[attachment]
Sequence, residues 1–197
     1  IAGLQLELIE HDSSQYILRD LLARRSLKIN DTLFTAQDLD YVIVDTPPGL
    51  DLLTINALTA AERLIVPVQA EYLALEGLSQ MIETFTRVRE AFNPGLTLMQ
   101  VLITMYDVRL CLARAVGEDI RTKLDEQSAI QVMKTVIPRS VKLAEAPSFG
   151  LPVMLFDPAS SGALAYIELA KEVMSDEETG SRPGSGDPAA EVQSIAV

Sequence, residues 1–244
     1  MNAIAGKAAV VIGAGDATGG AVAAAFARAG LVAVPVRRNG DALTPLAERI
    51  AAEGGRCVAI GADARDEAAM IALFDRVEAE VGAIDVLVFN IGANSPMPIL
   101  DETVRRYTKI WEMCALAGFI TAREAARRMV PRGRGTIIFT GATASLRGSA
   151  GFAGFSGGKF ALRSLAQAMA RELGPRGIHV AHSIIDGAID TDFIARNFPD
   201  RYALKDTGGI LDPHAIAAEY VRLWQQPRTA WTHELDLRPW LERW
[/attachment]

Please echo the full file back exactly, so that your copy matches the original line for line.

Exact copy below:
Sequence, residues 1–197
     1  IAGLQLELIE HDSSQYILRD LLARRSLKIN DTLFTAQDLD YVIVDTPPGL
    51  DLLTINALTA AERLIVPVQA EYLALEGLSQ MIETFTRVRE AFNPGLTLMQ
   101  VLITMYDVRL CLARAVGEDI RTKLDEQSAI QVMKTVIPRS VKLAEAPSFG
   151  LPVMLFDPAS SGALAYIELA KEVMSDEETG SRPGSGDPAA EVQSIAV

Sequence, residues 1–244
     1  MNAIAGKAAV VIGAGDATGG AVAAAFARAG LVAVPVRRNG DALTPLAERI
    51  AAEGGRCVAI GADARDEAAM IALFDRVEAE VGAIDVLVFN IGANSPMPIL
   101  DETVRRYTKI WEMCALAGFI TAREAARRMV PRGRGTIIFT GATASLRGSA
   151  GFAGFSGGKF ALRSLAQAMA RELGPRGIHV AHSIIDGAID TDFIARNFPD
   201  RYALKDTGGI LDPHAIAAEY VRLWQQPRTA WTHELDLRPW LERW